Saturday, January 28, 2017

Pulque-It's Not Just for Breakfast

A long time ago, I wrote about tequila, its various forms, and my favorite place to drink it.  I always meant to come back and discuss pulque, but never got around to it.  For some reason, the recent elections have had me thinking a lot about drinking.

Pulque, like tequila, is made in Mexico from the maguey cactus, but whereas tequila is distilled, pulque is allowed to ferment naturally from the juice extracted from the agave plant.  It would be a gross oversimplification to say that tequila is distilled pulque, but--What the hell!--this is a blog, not a textbook.  (Though a few of these postings have actually been reprinted into textbooks by people who must have been unaware of my liquid-assisted research methods.)

While good tequila is made from only the Blue Agave plant, most varieties of the maguey, or agave, plant can be used to make pulque.  While it takes a dozen years for the plant to mature, a single plant can produce hundreds of gallons of pulque.

Pulque has always been associated with the lower classes--with campesinos, peasants, and the working poor.  The beverage was, until recent times, only made in small batches and was not available commercially outside of small local bars called pulquerías.  For a very long time, pulquerías were places which tourists (and even local women) avoided. 

Tourists were warned NEVER to go near these bars, so I went into my first one when I was sixteen.  It was a tiny little place outside of Nuevo Laredo that didn't even open until after midnight.  I went after that place like a Baptist to a honky-tonk, convinced that any place I wasn't supposed to go was exactly where I needed to be.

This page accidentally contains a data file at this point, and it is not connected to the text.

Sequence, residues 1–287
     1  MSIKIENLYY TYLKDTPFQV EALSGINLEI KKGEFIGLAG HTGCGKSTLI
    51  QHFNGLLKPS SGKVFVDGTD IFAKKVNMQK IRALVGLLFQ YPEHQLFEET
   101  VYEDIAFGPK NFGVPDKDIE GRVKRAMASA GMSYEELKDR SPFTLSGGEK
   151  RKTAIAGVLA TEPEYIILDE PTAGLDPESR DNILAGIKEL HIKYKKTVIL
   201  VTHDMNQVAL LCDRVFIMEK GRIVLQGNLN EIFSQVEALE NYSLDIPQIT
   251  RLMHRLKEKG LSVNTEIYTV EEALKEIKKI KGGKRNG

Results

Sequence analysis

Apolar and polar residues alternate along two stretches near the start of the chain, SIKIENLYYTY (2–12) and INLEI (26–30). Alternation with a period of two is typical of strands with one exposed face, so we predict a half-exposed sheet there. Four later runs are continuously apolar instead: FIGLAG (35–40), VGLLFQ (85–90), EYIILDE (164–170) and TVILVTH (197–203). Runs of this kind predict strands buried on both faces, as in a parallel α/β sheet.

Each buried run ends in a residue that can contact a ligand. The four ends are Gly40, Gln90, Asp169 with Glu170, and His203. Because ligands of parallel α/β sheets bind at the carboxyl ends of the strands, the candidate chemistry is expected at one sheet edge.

Actually, I was treated kindly and with far more courtesy and respect than I deserved.  This has pretty much been my experience in Mexico for about half a century.  Even when my own government was predicting that any tourist who dared to cross the Rio Grande would immediately be carried off by flying monkeys, I have always felt safer in Mexico than I did while walking in the downtown areas of most large American cities. 

Years ago, while attending school in Zacatecas, I was doing extracurricular research at the, ah...uh, ...library, when it closed at 3:00 AM.  It was just starting to rain, and my chances of locating a taxi were somewhere between slim and none.  As I walked home, I passed an all-night convenience store and the owner, seeing me, ran out and insisted that I borrow his umbrella.  We had never met previously, and he refused a proffered deposit, just asking that I return it the next day.  This is typical of the kindness I have routinely experienced in Mexico.

Finding the little pulquería in Nuevo Laredo was the most difficult part of the entire experience.  I finally found a cab driver who took me to the tiny little bar on the edge of town.  I eagerly ordered the drink I had heard so much about.  The bartender--traditionally called a jicareno--took what looked like a large green jelly glass and filled it with a pale white foamy liquid from a large earthen jug, covered in cheese cloth.

Pulque does not improve with close inspection.  While I have not personally seen anything moving in the cloudy liquid, it seems that I am the only Texan visiting a pulquería who hasn't.  Pulque is never exported to the states, in part because the beverage is not pasteurized and will quickly spoil.  (I have always wondered how they know when pulque goes bad?  Does it start to smell good?)